Your district is required to 'engage parents' in developing its annual Local Control Accountability Plan (LCAP). California parent leaders can use the LCAP to influence their district's priorities, but only if they understand the process. What's in an LCAP, and how does the process actually work?
School board members have recently found themselves swept up in politics far beyond local education issues. Many have had to deal with abusive constituents, and a record number have faced recall attempts. Let’s get back to basics: what do school boards actually do?
What information systems do community leaders need to know about in order to be credible as change agents for schools? This was the core question taken on by Carrie Hahnel in her presentation at the 2021 Ed100 Academy for Student Leaders, which she titled The Change-Maker’s Toolkit.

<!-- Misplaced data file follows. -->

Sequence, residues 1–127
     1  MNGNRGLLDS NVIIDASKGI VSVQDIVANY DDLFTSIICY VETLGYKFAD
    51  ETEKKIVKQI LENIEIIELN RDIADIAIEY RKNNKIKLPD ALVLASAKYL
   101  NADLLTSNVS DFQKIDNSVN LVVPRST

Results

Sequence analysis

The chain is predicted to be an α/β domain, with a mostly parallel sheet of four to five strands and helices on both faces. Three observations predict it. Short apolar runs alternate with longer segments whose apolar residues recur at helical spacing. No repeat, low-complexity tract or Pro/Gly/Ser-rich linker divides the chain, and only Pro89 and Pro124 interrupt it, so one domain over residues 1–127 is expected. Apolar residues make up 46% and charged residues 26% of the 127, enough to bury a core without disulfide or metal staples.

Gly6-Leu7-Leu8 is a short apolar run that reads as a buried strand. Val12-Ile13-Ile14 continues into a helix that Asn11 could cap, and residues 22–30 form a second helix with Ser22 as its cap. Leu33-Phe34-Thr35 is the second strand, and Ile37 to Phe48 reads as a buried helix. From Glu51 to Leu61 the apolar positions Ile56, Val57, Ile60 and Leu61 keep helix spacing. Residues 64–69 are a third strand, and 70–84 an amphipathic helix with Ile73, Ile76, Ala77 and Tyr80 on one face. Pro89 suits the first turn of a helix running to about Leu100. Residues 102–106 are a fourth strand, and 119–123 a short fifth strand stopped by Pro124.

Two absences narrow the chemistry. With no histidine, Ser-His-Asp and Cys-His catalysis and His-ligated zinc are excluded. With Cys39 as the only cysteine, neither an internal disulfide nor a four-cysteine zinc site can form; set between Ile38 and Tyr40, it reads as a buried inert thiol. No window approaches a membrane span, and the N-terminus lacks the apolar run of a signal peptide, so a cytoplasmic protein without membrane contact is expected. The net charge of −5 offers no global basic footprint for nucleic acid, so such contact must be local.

Ed100 got its start about ten years ago. California's education system has changed a lot in that time, and Ed100's job has been to explain it as plainly as we can so that people can get involved and make a difference. This post is a look back and a peek ahead.
How much money do schools really have? Where does it come from, and is it enough? What should a school board member know about how to put together a budget? Molly McGee Hewitt (of CASBO) reviews the basics.
Most schools in California are starving when it comes to the arts. This post reviews the data, clarifies the state's requirements, and suggests specific steps that your school district can take to improve.
Traditional public schools are required to provide free or reduced-price meals to students from low-income families. The vast majority of charter schools provide food, too, but they aren't required to do so. Should they be?
This school year will be full of new experiences as educators and parents alike start implementing their school district's Local Control Accountability Plan and reflecting on how to improve it in the years to come.
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